A Mississippi city and its police department have been notified by the Department of Justice that jailing people for unpaid fines without determining if they can afford to pay them violates the Constitution.

A letter from the DOJ sent Thursday to the city of Lexington and the Lexington Police Department revealed that their current practices violate the 14th Amendment, which prohibits wealth-based detention.

“In recent guidance to state courts across the country, the Department of Justice noted the U.S. Supreme Court’s s(sic) repeated holdings ‘that the government may not incarcerate individuals solely because of their inability to pay a fine,'” the letter stated.

According to the DOJ, the city and LPD are violating the above guidance in two ways: by requiring those arrested to pay down outstanding fines before they can be released from jail and by issuing and arresting people on warrants for outstanding fines.

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On April 20, 2023, the DOJ issued a “Dear Colleague” letter to courts explaining that people cannot be imprisoned for outstanding fines until it has been determined they have the resources to pay the bill. If the person does not have the means to pay, imprisonment is unlawful.

“It’s time to bring an end to a two-tiered system of justice in our country in which a person’s income determines whether they walk free or whether they go to jail,” Assistant Attorney General Kristen Clarke of the Civil Rights Division said in a DOJ news release.

Clarke described the practice as “unlawful” and said unjustly enforcing fines and fees “traps people and their families in a vicious cycle of poverty and punishment.”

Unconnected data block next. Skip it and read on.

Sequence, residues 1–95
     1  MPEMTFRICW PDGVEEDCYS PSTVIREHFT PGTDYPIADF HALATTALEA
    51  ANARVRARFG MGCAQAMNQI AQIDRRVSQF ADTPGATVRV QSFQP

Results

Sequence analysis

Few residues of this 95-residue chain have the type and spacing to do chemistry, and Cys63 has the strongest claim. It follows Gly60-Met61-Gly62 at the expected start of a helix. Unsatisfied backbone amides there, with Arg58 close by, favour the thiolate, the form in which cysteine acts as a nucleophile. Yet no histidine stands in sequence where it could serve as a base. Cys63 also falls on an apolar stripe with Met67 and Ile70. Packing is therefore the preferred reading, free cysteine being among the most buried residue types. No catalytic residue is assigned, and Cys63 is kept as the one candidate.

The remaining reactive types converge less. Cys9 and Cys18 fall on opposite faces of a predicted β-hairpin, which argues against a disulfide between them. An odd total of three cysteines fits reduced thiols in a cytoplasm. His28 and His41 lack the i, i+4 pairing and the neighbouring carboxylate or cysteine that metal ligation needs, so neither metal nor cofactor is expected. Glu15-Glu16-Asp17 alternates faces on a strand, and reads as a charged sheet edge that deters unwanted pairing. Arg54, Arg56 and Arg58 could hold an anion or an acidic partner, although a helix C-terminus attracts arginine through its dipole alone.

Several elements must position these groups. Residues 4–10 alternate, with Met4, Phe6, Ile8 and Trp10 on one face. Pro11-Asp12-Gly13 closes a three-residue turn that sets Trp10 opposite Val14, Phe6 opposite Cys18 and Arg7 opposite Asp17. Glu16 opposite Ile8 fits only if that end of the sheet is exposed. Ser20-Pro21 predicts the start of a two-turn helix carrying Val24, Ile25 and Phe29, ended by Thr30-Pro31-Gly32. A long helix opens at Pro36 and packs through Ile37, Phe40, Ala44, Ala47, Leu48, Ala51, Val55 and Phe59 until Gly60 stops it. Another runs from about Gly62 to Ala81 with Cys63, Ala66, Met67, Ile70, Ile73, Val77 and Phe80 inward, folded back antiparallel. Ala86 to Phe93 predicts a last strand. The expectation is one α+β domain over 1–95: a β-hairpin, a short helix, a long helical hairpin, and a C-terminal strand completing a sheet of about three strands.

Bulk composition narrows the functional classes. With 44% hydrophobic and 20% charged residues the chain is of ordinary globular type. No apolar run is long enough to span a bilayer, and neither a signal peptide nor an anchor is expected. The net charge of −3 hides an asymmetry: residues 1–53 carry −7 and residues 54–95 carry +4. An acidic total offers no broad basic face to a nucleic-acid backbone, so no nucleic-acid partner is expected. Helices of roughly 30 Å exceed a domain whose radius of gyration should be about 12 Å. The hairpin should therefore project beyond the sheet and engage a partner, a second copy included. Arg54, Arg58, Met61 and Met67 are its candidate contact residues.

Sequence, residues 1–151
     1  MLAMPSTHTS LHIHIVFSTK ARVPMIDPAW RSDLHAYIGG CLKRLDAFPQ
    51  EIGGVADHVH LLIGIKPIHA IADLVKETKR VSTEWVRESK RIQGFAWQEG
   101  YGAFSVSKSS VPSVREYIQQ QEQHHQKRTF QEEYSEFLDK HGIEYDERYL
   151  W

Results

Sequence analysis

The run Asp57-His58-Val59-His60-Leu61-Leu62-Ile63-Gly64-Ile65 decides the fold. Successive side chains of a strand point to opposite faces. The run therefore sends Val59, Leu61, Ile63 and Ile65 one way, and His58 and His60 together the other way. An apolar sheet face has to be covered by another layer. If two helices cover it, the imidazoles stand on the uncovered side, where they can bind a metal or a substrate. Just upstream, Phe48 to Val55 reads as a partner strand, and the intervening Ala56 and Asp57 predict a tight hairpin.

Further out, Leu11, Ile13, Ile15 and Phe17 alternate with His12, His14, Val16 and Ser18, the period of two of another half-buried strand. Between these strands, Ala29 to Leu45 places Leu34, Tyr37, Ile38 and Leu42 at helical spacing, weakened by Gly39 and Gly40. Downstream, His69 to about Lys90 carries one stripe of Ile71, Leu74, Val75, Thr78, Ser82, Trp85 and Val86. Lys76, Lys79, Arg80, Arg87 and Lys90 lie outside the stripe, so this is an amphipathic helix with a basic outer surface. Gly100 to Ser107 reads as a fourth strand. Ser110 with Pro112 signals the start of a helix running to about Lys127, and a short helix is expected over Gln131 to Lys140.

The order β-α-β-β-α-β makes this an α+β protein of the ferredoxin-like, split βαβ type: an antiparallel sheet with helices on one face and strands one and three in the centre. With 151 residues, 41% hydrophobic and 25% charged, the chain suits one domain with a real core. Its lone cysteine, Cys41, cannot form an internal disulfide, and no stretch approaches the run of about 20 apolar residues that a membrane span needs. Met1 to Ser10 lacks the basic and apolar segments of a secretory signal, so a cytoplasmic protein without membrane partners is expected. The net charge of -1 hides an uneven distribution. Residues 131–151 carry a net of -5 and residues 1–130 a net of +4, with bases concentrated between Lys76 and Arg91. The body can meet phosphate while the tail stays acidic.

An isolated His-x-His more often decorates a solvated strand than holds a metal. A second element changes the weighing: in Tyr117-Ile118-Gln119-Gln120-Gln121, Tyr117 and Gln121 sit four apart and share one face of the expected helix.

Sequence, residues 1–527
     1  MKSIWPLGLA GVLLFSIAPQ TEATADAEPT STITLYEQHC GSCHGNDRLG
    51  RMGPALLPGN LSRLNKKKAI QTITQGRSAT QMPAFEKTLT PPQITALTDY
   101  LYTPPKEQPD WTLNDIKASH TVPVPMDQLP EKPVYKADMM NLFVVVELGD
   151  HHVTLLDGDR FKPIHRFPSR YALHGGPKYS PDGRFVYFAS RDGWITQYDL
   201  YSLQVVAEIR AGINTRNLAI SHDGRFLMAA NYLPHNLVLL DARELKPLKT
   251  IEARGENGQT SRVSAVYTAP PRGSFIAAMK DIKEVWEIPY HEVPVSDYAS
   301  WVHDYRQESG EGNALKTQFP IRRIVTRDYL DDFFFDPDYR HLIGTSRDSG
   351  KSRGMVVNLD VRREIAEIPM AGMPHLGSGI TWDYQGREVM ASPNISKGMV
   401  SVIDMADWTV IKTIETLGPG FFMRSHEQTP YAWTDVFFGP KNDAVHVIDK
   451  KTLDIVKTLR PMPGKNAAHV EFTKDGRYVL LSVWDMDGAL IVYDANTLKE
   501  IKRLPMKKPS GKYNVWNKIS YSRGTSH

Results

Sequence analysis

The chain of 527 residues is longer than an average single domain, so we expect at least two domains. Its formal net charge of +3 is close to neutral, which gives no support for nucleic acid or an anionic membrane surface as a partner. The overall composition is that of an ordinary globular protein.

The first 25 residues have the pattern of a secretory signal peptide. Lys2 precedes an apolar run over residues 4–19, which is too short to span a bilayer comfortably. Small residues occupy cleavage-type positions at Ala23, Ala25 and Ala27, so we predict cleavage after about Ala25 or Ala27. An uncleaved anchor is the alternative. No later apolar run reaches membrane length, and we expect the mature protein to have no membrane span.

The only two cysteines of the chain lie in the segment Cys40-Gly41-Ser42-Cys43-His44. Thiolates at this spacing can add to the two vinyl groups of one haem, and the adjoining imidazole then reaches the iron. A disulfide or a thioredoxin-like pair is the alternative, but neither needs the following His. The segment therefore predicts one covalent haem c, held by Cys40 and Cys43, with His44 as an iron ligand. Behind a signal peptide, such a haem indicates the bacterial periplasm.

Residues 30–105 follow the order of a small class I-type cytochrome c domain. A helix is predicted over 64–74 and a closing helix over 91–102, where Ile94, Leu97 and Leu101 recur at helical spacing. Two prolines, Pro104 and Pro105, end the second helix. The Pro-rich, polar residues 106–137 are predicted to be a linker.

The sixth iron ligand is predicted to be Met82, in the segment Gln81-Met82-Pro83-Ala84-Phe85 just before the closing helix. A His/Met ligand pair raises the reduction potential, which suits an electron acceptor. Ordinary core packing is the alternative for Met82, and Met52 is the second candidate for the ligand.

U.S. Attorney Todd Gee for the Southern District of Mississippi echoed similar sentiments in a statement, noting that “one third of Lexington’s residents live below the poverty line.”

“The burden of unjust fines and fees undermines the goals of rehabilitation and erodes the community’s trust in the justice system,” Gee said. “Each step we take towards fair and just policing rebuilds that trust. Lexington and LPD can take those steps now, while our investigation is ongoing.”

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The letter comes as part of an ongoing DOJ investigation into the city and police department in efforts to determine whether there are “systemic violations of the Constitution and federal law related to use of force; stops, searches and arrests; discriminatory policing and the right to free speech.”

The investigation was opened on Nov. 8, 2023.

“Although the investigation continues, the Justice Department determined that it was critically important to identify these violations now rather than waiting until the conclusion of the inquiry,” the letter stated.

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DOJ officials met with city and police leaders on Thursday to discuss the concerns surrounding imprisonment for unpaid fines and fines, and were told that Lexington authorities will work to ensure the collection of fines and fees is done lawfully.